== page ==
A.K. Dutta: Conceptualization, funding acquisition, investigation, visualization, methodology, writing–original draft, writing–review and editing. J.-B. Alberge: Conceptualization, investigation, visualization, methodology, writing–original draft, writing–review and editing. E.D. Lightbody: Investigation, methodology, writing–review and editing. C.J. Boehner: Methodology, writing–review and editing. A. Dunford: Investigation, visualization, methodology, writing–review and editing. R. Sklavenitis-Pistofidis: Methodology, writing–review and editing. T.H. Mouhieddine: Methodology, writing–review and editing. A.N. Cowan: Methodology, writing–review and editing. N.K. Su: Methodology, writing–review and editing. E.M. Horowitz: Methodology, writing–review and editing. H. Barr: Methodology, writing–review and editing. L. Hevenor: Methodology, writing–review and editing. J.B. Beckwith: Methodology, writing–review and editing. J. Perry: Methodology, writing–review and editing. A. Cao: Visualization, methodology, writing–review and editing. Z. Lin: Methodology, writing–review and editing. F.K. Kuhr: Methodology, writing–review and editing. R.G. Del Mastro: Methodology, writing–review and editing. O. Nadeem: Funding acquisition, methodology, writing–review and editing. P.T. Greipp: Methodology, writing–review and editing. C. Stewart: Investigation, visualization, methodology, writing–review and editing. D. Auclair: Methodology, writing–review and editing. G. Getz: Conceptualization, supervision, investigation, visualization, methodology, writing–review and editing. I.M. Ghobrial: Conceptualization, supervision, funding acquisition, investigation, visualization, methodology, writing–review and editing.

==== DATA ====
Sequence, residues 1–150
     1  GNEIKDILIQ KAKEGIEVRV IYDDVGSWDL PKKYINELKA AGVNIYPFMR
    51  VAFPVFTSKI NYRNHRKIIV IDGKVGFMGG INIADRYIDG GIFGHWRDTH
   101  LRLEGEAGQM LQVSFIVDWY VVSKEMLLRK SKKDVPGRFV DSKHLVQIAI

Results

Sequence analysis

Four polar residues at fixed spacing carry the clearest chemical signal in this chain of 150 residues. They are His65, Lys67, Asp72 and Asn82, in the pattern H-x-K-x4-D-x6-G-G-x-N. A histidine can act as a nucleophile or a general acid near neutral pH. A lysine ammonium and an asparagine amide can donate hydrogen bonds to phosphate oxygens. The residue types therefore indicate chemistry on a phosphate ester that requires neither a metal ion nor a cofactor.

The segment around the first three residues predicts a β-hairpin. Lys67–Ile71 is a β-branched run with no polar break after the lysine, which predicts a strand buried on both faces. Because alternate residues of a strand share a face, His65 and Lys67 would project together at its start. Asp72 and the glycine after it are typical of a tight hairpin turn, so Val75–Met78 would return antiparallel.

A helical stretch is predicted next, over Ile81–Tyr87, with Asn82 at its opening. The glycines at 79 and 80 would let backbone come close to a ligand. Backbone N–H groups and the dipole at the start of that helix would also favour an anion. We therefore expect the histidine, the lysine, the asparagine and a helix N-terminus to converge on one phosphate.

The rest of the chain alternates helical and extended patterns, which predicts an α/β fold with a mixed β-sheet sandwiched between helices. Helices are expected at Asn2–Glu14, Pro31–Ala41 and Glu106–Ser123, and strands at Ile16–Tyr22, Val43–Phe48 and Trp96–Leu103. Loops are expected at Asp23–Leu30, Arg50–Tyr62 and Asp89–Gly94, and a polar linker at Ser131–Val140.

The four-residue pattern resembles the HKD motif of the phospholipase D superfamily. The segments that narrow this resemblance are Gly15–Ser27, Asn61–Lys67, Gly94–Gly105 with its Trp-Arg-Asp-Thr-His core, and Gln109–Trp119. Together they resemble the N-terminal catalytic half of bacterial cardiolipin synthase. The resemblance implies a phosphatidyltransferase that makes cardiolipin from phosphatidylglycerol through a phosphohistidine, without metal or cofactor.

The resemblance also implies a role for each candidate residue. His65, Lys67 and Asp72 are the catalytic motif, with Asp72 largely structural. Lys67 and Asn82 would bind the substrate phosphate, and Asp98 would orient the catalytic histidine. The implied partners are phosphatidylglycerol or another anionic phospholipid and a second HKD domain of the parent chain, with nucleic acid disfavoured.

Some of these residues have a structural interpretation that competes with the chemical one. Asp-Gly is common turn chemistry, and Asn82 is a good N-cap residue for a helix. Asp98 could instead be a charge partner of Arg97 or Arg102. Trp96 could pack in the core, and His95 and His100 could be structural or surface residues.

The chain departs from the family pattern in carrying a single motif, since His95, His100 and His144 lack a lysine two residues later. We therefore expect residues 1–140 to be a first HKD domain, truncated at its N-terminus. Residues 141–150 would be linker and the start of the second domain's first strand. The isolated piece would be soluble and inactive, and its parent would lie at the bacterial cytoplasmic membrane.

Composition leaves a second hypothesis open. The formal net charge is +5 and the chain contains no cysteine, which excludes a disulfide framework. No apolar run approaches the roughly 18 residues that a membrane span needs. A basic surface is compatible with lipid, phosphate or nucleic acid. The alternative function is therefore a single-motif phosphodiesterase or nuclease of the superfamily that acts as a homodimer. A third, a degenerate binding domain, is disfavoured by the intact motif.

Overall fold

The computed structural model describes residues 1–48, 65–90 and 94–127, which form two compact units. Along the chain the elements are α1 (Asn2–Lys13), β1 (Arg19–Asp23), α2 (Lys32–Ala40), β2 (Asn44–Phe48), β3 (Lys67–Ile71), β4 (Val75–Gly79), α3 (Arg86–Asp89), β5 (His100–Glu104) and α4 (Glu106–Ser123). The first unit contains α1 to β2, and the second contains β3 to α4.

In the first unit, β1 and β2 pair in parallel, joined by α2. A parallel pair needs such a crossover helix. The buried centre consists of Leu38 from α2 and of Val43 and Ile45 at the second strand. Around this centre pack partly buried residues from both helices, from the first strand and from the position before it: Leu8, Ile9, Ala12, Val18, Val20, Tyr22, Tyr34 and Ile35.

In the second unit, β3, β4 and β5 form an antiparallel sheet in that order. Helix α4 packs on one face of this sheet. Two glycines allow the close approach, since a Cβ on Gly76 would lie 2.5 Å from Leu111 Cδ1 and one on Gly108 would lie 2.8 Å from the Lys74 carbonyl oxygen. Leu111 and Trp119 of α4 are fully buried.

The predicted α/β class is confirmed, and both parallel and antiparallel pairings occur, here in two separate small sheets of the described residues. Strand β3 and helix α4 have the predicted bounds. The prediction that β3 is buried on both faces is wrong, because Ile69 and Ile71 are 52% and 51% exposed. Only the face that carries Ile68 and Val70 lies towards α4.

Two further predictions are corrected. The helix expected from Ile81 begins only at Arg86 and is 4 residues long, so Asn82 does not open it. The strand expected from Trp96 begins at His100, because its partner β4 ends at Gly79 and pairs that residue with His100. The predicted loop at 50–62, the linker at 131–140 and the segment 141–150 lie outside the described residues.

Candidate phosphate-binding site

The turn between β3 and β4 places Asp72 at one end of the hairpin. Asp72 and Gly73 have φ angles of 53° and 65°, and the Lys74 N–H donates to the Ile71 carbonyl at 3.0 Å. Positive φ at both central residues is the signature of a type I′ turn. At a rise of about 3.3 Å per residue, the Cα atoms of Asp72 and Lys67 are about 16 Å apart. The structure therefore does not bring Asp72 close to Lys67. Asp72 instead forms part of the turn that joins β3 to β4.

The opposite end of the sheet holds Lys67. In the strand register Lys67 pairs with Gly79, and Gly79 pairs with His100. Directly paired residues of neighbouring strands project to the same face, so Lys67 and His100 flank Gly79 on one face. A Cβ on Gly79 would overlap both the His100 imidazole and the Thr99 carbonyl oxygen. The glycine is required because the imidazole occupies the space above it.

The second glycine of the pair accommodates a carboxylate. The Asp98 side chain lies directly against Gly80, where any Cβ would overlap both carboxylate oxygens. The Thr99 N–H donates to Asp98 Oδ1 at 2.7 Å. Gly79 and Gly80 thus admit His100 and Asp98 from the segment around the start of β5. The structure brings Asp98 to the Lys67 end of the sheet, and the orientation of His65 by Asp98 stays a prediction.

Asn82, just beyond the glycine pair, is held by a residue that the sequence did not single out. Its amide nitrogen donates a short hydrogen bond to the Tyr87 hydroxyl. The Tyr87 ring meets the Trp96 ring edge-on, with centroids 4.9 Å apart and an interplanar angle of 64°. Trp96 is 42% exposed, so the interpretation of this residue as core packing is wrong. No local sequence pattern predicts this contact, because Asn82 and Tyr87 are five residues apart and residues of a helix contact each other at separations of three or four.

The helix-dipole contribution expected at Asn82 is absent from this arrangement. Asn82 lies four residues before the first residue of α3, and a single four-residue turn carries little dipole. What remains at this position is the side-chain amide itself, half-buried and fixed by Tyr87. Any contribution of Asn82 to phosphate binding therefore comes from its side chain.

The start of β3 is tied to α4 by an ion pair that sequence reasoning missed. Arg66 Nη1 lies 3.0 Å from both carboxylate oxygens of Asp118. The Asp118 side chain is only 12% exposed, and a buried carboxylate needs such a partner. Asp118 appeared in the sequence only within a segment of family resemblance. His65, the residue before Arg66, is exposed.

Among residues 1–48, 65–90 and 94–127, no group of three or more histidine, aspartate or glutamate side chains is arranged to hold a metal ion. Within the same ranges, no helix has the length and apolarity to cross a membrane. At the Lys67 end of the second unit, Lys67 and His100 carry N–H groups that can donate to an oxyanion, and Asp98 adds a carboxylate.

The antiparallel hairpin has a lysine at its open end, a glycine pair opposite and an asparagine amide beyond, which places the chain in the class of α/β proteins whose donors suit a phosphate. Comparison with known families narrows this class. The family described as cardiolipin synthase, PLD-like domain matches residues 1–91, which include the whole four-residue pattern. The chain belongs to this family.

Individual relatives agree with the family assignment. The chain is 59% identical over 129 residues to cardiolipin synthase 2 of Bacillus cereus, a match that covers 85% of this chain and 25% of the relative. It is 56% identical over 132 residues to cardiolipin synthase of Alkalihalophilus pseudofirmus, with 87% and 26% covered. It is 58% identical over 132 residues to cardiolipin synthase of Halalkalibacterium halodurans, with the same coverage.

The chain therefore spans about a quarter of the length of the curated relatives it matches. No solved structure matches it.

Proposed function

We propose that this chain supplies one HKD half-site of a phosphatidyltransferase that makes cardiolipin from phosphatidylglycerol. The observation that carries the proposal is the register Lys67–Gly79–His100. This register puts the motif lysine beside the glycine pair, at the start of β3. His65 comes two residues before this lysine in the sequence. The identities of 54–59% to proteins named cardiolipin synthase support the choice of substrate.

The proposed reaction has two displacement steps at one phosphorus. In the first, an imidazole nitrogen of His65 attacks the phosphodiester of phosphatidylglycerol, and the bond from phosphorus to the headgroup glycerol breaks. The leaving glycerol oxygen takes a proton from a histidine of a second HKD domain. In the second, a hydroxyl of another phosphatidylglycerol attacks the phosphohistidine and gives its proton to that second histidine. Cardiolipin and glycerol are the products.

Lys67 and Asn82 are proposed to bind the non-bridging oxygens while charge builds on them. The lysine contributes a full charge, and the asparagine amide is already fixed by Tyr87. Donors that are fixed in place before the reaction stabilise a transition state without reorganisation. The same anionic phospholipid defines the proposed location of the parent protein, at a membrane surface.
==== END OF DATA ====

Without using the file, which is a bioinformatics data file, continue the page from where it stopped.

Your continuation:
We thank Anna V. Justis, PhD, for providing writing and editing support during the preparation of this article; Julian Hess, Liz Martin, Yo Akiyama, and Nicholas Haradhvala, PhD, for providing support and critical review of WGS data analysis; and Frances Tanney and the clinical laboratory team at Menarini Silicon Biosystems for processing the recovery of a batch of CellSearch samples. We acknowledge funding support from the Dr. Miriam and Sheldon G. Adelson Medical Research Foundation, the NIH (R01CA205954 and R35CA263817-01A1), an International Myeloma Society Career Development Award (J.-B. Alberge), and a Dana-Farber Cancer Institute Medical Oncology Grant Award (A.K. Dutta). This research was also supported by a Stand Up To Cancer Dream Team Research Grant (grant number: SU2C-AACR-DT-28-18). Stand Up To Cancer is a division of the Entertainment Industry Foundation. The indicated SU2C grant is administered by the American Association for Cancer Research, the scientific partner of Stand Up To Cancer.